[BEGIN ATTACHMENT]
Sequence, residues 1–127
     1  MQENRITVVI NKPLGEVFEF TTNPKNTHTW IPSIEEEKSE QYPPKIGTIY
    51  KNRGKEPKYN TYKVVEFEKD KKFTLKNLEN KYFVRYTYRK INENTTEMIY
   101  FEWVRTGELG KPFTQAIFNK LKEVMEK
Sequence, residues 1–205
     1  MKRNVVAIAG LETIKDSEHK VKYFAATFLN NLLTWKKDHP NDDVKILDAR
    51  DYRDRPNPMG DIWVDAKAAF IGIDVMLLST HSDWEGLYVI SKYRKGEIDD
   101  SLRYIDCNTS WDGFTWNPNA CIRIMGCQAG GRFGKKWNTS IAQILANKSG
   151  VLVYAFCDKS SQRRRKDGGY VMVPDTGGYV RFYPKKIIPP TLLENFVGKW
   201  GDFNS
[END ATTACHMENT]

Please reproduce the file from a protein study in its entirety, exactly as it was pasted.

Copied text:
Sequence, residues 1–127
     1  MQENRITVVI NKPLGEVFEF TTNPKNTHTW IPSIEEEKSE QYPPKIGTIY
    51  KNRGKEPKYN TYKVVEFEKD KKFTLKNLEN KYFVRYTYRK INENTTEMIY
   101  FEWVRTGELG KPFTQAIFNK LKEVMEK
Sequence, residues 1–205
     1  MKRNVVAIAG LETIKDSEHK VKYFAATFLN NLLTWKKDHP NDDVKILDAR
    51  DYRDRPNPMG DIWVDAKAAF IGIDVMLLST HSDWEGLYVI SKYRKGEIDD
   101  SLRYIDCNTS WDGFTWNPNA CIRIMGCQAG GRFGKKWNTS IAQILANKSG
   151  VLVYAFCDKS SQRRRKDGGY VMVPDTGGYV RFYPKKIIPP TLLENFVGKW
   201  GDFNS